Key Success Factors when implementing Portfolio Management

KSF’s when implementing project portfolio management

KSF’s when implementing project portfolio management

We've documented a series of key success factors (KSFs) concerning the deployment of Strategy Planning and Portfolio Modeling Systems.

  • Align process with maturity level.Assess the maturity level of the organization, deploy only what they can absorb. We assess organizational readiness to accept change on a 1-5 scale, with five being a mature "learning-organization." Don't jump from 1 to 4, most organizations can only handle incremental improvements. Manage the "rate of digestion."

  • Keep it very simple. Good strategy execution systems should not be complex. It should be flexible.

  • Adapt in real time, rather than force fit. Be willing to toss-out core principles in order to advance the process forward. More important to engage executive team members, than stand on principle. It is more important to get them to "play the game" than it is to "get it right" the first time. Their ongoing participation will improve the quality of the information over time. See "roughly-right" postbelow.

  • Avoid "static" strategic planning. Get something in-place, then set up frequent refresh-cycles. We refresh the portfolio models at least once a month. The refresh process will continually refine the information and keep it current with the realities of the changing environment. See "do-it, try-it, fix-it..." postbelow.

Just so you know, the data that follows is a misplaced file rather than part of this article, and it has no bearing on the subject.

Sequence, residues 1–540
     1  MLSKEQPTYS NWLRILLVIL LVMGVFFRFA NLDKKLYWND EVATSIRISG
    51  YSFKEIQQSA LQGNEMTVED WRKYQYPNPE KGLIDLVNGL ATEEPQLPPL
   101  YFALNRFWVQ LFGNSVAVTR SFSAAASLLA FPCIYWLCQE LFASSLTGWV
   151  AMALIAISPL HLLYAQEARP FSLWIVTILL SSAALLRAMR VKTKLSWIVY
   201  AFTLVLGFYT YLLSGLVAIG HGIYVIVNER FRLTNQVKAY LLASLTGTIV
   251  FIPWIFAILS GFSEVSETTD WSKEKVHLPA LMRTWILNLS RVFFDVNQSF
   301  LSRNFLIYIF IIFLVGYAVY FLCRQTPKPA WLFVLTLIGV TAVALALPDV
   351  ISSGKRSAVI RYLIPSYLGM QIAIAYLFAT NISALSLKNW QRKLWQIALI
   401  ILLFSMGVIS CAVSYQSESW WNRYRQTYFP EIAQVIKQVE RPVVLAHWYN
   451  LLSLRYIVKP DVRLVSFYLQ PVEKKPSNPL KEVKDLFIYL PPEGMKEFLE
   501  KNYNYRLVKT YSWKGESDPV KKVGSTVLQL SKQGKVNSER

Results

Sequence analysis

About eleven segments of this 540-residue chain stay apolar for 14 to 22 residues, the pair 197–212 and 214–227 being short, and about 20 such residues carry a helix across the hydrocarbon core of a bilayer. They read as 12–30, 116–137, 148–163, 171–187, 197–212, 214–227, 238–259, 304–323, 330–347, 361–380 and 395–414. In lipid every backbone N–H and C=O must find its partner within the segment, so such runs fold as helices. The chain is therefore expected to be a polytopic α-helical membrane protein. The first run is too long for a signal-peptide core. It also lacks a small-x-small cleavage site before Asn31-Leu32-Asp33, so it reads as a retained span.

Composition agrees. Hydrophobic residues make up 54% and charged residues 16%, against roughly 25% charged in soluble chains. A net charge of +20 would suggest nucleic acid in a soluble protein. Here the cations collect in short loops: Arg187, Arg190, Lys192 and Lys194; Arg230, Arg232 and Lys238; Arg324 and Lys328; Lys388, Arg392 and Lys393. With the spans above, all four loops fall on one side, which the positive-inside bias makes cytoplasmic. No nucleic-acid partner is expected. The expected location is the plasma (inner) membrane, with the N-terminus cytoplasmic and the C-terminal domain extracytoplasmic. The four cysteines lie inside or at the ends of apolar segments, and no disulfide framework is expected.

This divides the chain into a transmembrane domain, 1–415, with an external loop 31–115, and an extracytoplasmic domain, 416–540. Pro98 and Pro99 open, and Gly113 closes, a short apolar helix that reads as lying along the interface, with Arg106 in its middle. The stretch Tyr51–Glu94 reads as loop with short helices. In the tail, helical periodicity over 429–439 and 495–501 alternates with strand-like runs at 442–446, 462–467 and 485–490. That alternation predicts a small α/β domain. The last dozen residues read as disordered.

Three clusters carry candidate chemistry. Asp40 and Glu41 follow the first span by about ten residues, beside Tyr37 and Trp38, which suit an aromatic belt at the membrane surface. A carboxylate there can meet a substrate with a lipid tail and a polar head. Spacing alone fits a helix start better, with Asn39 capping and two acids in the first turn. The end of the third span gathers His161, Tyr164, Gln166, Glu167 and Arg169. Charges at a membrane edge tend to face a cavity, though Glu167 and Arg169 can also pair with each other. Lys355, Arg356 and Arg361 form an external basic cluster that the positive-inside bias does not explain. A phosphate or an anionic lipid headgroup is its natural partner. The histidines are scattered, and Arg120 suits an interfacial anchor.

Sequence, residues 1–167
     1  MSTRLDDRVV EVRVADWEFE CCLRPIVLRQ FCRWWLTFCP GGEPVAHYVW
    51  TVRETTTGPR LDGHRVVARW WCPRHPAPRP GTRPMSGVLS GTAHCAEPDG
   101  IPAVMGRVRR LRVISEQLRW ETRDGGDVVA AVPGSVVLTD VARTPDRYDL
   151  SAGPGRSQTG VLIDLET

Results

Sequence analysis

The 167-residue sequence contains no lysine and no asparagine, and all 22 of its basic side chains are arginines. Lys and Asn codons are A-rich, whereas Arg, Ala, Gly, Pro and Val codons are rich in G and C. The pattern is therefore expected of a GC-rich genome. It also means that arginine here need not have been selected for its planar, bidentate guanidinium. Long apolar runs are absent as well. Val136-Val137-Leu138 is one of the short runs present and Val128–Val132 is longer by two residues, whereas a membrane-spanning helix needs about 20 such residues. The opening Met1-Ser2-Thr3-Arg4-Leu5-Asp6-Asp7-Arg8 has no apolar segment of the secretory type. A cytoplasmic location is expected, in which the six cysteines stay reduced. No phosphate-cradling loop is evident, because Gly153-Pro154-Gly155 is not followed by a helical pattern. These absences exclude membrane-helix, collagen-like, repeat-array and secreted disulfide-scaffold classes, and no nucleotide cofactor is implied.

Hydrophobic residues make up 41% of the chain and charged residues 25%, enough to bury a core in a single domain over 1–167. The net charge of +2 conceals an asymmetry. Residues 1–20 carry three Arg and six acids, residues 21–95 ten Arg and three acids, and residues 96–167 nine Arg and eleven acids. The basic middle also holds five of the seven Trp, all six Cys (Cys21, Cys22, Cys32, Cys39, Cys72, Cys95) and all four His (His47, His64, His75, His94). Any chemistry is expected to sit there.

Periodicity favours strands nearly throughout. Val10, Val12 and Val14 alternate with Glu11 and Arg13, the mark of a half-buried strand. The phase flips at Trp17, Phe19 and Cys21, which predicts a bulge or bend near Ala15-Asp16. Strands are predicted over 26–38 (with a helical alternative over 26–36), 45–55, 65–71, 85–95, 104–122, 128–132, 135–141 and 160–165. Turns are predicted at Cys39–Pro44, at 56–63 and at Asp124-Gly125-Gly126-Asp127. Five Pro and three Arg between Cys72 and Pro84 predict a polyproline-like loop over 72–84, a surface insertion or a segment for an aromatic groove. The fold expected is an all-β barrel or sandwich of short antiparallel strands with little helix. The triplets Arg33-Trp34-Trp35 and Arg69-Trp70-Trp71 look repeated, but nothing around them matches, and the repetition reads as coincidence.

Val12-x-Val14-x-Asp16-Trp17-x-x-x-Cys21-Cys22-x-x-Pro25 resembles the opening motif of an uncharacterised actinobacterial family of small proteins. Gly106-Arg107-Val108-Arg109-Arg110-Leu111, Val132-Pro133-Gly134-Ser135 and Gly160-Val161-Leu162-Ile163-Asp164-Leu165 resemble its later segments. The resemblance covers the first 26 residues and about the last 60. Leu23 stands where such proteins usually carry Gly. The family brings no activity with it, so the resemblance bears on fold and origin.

• Do it top-down first...from Vision, to Goals, to Strategies with senior management, then do it bottom-up with line managers from the program level up to the strategies. Then compare top-down with the bottom-up. There is a lot to be learned about communication through looking at the problem from both perspectives.

  • Make it theirs.Once the executive team puts their own "stuff" in the models (based on their own assumptions) they will be hooked! Effective process deployment should not need ongoing external support, it should integrate and become the standard operating procedure for the executive team. Bad systems require ongoing support.

  • Understand the real objections, versus push-back due to fear of "exposure." Often times the process of defining, mapping, and modeling strategy highlights deficiencies in the organization. Sometimes objections to the process are a result of an unwitting attempt by some to hide these... so they can "fix" them in private. Sort out real objections from these "fear-based" ones...

  • Create change in "triads."For some reason it always takes three people to create change. Get three senior people on-board and they will have critical mass to move others in the direction needed to deploy a more disciplined process.